During the early days of Operation Rolling Thunder in 1965, North Vietnamese fighter aircraft became a problem for attacking USAF and US Navy strike aircraft. On April 3, 1965, three North Vietnamese Mig-17s attacked a strike package near the Dong Phuong Thong bridge and damaged a Crusader and then escaped unscathed. The next day, two MiG-17s attacked a flight of four F-105s and shot two of them down. In order to meet this new threat, an EC-121D College Eye unit was dispatched to extend radar warning coverage over NVN, and TAC was asked to deploy F-104s to escort the EC-121s over the Gulf of Tonkin and to provide a MiG screen for USAF strike aircraft over NVN.

In April of 1965, a single squadron (the 476th TFS) of the 479th TFW deployed with their F-104Cs to Kung Kuan AB in Taiwan, with regular rotations to the forward base at Da Nang Air Base in South Vietnam. Their job was to fly MiG combat air patrol (MiGCAP) missions to protect American fighter bombers against attack by North Vietnamese fighters. They flew these missions armed with their single M61A1 20-mm cannon and four AIM-9 Sidewinder air-to-air missiles. The effect of F-104 deployment upon NVN and PRC MiG operations was immediate and dramatic--NVN MiGs soon learned to avoid contact with USAF strikes being covered by F-104s. During the entire deployment of the 476th only two fleeting encounters between F-104Cs and enemy fighters occurred.

As the MiG threat abated, the 476th TFS was tasked with some weather reconnaissance and ground attack missions. A few of these were against targets in North Vietnam, but most of them were close air-support missions against targets in the South under forward air controller direction. The F-104s were fairly successful in this role, gaining a reputation for accuracy in their cannon fire and their bombing and capable of quite rapid reaction times in response to requests for air support. During this period, the 476th F-104s maintained an in-commission rate of 94.7%, a testimony both to the quality of 476th maintenance personnel and to the simplicity and maintainability of F-104 systems. However, an F-104 went down during a sortie 100 nm SSW of DaNang on June 29. The pilot was rescued with minor injuries.

The 436th TFS assumed the 476th's commitment in DaNang on 11 July, and the 436th began flying combat sorties the next day. Although a few MiGCAP missions were flown, the majority of the missions were quick-reaction close-air support missions in support of ground troops. On July 23, Capt. Roy Blakely attempted to crash-land his battle-damaged F-104C at Chu Lai. Blakely successfully set his aircraft down gear-up, but died when his F-104 swerved off the runway into a sand dune.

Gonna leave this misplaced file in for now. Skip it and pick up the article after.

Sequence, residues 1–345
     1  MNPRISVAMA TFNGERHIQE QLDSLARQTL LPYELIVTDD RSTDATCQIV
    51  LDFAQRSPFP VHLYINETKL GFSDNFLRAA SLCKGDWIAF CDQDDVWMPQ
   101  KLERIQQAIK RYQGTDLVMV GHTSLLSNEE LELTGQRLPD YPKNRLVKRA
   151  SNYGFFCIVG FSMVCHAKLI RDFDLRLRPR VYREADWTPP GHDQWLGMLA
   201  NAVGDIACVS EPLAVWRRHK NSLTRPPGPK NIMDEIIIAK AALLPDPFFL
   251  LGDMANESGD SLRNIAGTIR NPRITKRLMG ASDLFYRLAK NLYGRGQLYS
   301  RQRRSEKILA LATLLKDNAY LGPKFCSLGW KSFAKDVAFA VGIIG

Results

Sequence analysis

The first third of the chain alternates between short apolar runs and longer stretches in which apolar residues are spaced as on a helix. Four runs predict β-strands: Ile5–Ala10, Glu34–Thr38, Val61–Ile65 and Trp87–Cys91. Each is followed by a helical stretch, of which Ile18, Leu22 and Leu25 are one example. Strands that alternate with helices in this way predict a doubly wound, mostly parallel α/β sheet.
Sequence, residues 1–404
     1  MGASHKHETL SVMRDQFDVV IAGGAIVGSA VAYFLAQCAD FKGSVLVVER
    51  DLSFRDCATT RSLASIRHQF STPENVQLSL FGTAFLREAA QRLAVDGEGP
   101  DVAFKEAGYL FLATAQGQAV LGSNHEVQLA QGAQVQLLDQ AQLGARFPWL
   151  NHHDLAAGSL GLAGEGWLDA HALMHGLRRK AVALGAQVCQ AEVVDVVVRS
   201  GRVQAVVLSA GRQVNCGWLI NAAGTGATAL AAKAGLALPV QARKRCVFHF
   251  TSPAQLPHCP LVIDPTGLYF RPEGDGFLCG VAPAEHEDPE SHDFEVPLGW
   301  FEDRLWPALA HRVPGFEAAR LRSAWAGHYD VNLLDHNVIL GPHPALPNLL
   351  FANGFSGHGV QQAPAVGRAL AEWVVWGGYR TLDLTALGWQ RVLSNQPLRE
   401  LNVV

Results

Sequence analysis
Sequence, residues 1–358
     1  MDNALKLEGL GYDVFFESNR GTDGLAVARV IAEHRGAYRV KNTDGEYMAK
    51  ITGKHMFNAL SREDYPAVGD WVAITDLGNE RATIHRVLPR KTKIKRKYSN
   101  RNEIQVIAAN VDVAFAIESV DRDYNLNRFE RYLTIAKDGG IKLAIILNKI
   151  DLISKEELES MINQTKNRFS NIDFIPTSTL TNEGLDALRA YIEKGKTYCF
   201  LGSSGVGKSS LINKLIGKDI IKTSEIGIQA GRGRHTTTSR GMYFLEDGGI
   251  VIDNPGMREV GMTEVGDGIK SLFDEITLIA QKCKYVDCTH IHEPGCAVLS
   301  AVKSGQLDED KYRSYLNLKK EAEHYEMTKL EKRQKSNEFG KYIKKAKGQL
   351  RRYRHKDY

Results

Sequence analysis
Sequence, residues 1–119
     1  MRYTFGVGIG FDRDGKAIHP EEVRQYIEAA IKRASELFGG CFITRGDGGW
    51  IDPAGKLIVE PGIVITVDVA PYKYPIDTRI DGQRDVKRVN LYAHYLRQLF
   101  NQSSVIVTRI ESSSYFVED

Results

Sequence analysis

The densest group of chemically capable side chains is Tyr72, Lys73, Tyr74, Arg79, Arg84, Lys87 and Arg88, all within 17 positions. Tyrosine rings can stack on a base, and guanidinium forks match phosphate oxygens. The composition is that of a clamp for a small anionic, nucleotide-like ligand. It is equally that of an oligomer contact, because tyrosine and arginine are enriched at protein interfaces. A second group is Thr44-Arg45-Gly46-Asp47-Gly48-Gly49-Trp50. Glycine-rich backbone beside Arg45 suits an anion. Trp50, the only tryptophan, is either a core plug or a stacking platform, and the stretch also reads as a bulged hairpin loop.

The 436th TFS had a bad day on September 20, 1965. F-104C pilot Major Philip E. Smith managed to get lost while flying an EC-121 escort mission over the Gulf of Tonkin. After several equipment failures and incorrect steering commands, he managed to wander over Hainan Island and was shot down by a pair of Chinese MiG-19s (J-6s). He ejected and was taken prisoner. While the rest of the squadron was out looking for Major Smith, two other F-104s had a midair collision while returning to their base. Both pilots ejected and were recovered unharmed.

A week later, another F-104C was shot down by enemy AAA, and its pilot was killed.

After these four losses, the remnants of the 435th were rotated back to George AFB in November of 1965 and the F-4Cs of the 390th TFS assumed the 435th's escort mission at DaNang. Although the F-104s had not shot down a single MiG, their mere presence as escort aircraft had diminished MiG activity to the point where MiGs were no longer considered as a primary threat to USAF aircraft flying missions over North Vietnam.

In the early months of 1966, the MiG threat began to re-emerge, with the supersonic MiG-21 beginning to appear. In response, a new contingent of F-104Cs returned to Vietnam in June of 1966 and were assigned to the Udorn base in Thailand. In the first deployment, eight F-104Cs of the 435th TFS landed at Udorn, Thailand on June 6, 1966. At the time of the F-104's second deployment to SEA, TAC was in the process of phasing-out the type, and the 479th TFW was in the process of converting to F-4 aircraft and they were attached to PACAF's 8th TFW. An additional 12 F-104Cs joined the 8th TFW on July 22.

They 8th TFW F-104s were initially involved in escort missions in support of F-105D strike aircraft hitting targets in North Vietnam. They were involved in escorts of EF-105F Wild Weasel. One of the problems was that the F-104Cs were not initally equipped with electronic countermeasures gear, and had to rely on F-105s for warnings of lock-ons from enemy radar facilities. However, once again the mere presence of these F-104Cs managed to keep enemy MiGs away from the strike packages.